Nothing quite beats the feeling of returning back to the US after being gone for a long time.
Even if it’s just an airport — even an airport I’ve never been to before — and I have hours and hours of connections to make before I actually make it back to Kentucky, it’s nonetheless comforting being back in my own country.
My flight from Tel-Aviv left at around midnight local time and arrived at New York JFK at 6 AM in the morning. My next flight to Atlanta wasn’t until 4 PM (though it ended up getting pushed back a few hours — thankfully I was still able to make the connection from ATL to LEX), so with my time, I decided to do what I do best in airports — leave and come back.
After dropping my bags off at baggage storage, I headed to the AirTrainJFK to get into the city. JFK isn’t directly connected to the subway system (compared to say, Chicago O’Hare or London Heathrow or Copenhagen Kastrup, where you can get directly on the metro from the airport terminal), but it has its own train line that then connects to the subway in Queens.
From Queens, I then bought a MetroCard for the subway (hot take: why is it called “MetroCard” when it’s the subway system? You’d immediately give yourself away as a visitor rather than a local if you referred to the New York underground transport system as a “metro” rather than a “subway,” so why do they use the word “metro” for their cards?) and took the J Train into Manhattan.
I only had a few hours — not enough to go into the tourist areas in the center of Manhattan — so I mostly hung out around East Village.
This was my first time in this particular neighborhood, and I must say, I liked it very much. With the exception of a homeless man who swore at me for ignoring him as I walked into a Starbucks, it was a lovely part of town — quieter than the Upper East or Upper West Sides, but still very much a part of New York. And it was relatively balanced in diversity — it didn’t seem to have a particular dominant cultural or ethnic leaning. Not that a neighborhood having a strong cultural leaning is a bad thing at all — but I thought it was cool to see a neighborhood that seemed to have so many different people living together in close proximity.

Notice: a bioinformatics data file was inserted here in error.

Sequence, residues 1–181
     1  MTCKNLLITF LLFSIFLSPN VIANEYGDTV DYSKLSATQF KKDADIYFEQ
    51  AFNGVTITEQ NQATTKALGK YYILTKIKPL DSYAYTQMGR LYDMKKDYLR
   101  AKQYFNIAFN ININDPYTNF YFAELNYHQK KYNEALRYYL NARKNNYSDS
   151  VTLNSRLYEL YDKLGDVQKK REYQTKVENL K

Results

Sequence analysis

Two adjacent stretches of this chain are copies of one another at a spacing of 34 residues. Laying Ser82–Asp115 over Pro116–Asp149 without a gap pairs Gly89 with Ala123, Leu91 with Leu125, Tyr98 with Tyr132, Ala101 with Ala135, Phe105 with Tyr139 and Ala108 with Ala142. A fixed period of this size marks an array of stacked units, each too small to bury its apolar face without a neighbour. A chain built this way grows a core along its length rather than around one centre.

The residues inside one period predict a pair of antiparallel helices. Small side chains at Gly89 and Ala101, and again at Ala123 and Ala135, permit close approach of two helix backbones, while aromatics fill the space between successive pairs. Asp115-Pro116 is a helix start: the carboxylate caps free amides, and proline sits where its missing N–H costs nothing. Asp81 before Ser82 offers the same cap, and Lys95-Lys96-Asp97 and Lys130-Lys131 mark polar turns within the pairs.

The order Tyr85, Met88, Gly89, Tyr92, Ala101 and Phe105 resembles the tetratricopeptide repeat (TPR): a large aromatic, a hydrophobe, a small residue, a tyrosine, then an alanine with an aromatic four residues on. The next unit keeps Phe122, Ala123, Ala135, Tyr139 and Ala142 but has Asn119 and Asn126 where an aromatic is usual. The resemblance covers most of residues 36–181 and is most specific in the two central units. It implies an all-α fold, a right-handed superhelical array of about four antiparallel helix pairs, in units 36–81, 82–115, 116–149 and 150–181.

My one complaint (besides the swearing homeless man — but like, that’s just New York) was that a lot of shops and restaurants were closed, even though I was there during the day. I visited on a Saturday morning, and nothing really seemed to start opening up until around 11AM, which was when I needed to start heading back to the airport. I was able to go into a few consignment shops, but on the whole, I was really only able to wander around the park and read The Times in Starbucks.
Still better than sitting in the airport, but I guess New York does after sleep sometimes after all.
That’s about it for today. Thanks for reading, and I’ll see you in the next one with more updates on my life this summer. Don’t forget to check me out on Pinterest, Instagram, Facebook, Bloglovin, Twitter, and Tumblr! For business inquiries, shoot me an email at firstname.lastname@example.org!
Dress: A shop on either Ben Yehuda or King George Street in Jerusalem (I’ve already forgotten, oops)
Hat: Thrifted (a consignment shop in Jerusalem)
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